Boys and girls at the school stand in a dialectical relationship within the context of the school, as well as in the context of each particular classroom. This context will be simulated by means of action groups, consisting of a number of girls and boys, and led by the teacher in each classroom being studied. Teachers chosen for the action research will also be a mix of male and female in order to minimize the emergence of bias.
In the wider context, male and female relationship in Western society has always had certain problematic elements. At the beginning of the 20th century, for example, very specific roles were assigned to males and females, with the latter working in the home and kitchen while raising children and their male counterparts generally working outside the home at companies. Much of this cultural context remains today, not only in terms of prejudice perpetrated by males against females, but also among members of the same gender.
Females may for example frown upon other females who choose their careers over marriage and children. Any remaining bias of such a kind will be considered by means of the action research groups.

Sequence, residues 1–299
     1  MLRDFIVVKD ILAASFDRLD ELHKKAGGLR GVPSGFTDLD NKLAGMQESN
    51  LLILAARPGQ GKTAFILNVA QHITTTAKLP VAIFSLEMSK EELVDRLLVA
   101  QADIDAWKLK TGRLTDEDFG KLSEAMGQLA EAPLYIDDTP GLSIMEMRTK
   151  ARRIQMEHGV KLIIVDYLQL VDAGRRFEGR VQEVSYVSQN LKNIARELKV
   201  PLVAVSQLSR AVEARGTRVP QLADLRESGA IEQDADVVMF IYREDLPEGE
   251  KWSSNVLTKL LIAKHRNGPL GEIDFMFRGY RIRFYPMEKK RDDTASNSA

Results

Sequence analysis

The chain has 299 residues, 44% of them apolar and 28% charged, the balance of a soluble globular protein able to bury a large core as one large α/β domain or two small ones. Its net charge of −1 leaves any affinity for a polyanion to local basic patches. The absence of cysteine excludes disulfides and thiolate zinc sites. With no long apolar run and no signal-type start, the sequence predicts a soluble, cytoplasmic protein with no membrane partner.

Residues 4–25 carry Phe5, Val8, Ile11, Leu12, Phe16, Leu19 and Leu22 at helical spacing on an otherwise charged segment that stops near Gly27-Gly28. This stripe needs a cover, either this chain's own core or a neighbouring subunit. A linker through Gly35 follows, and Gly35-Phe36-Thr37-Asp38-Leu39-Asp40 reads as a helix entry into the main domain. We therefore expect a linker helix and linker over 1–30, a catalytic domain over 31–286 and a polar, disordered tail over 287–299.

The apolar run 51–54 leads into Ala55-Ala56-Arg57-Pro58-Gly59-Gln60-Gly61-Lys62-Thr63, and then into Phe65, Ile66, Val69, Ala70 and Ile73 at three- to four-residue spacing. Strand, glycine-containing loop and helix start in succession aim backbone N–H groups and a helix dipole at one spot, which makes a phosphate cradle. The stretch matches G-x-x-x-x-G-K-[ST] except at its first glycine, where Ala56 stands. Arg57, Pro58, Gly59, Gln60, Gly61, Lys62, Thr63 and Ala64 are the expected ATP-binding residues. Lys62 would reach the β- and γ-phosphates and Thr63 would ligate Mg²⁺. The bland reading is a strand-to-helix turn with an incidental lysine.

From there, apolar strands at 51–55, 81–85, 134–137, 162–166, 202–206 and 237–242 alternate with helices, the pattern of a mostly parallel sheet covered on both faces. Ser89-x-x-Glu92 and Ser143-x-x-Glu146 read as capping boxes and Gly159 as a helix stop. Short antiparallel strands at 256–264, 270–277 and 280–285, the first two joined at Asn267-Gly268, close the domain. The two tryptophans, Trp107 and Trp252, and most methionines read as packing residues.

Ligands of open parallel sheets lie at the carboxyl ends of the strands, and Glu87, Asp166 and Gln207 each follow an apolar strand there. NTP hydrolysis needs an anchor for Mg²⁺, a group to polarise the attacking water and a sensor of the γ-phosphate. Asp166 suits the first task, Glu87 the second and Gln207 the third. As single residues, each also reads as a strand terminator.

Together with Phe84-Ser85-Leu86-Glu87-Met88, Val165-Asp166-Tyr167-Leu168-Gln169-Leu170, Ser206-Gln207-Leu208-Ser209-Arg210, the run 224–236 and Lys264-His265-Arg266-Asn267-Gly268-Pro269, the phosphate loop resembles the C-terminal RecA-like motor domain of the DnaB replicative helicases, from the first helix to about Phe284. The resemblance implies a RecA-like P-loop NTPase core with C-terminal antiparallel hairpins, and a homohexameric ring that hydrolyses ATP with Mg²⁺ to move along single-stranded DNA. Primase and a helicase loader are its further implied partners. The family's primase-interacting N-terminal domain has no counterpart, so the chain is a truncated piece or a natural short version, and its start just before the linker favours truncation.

Gender issues are by no means a simple phenomenon, particularly in 21st century Western society. While women are free to pursue their careers, the general cultural conviction is still that they are at their best when raising children and caring for their homes. Those who do this well tend to see themselves and others like them as models of perfect womanhood, whereas males who occupy leadership positions in businesses tend to be regarded as the ideal of manly success. These views will be tested not only in the children involved, but also in the teachers who lead them, and within the context of the home situation. It could for example be hypothesized that children will model the behavior of their parents in terms of gender.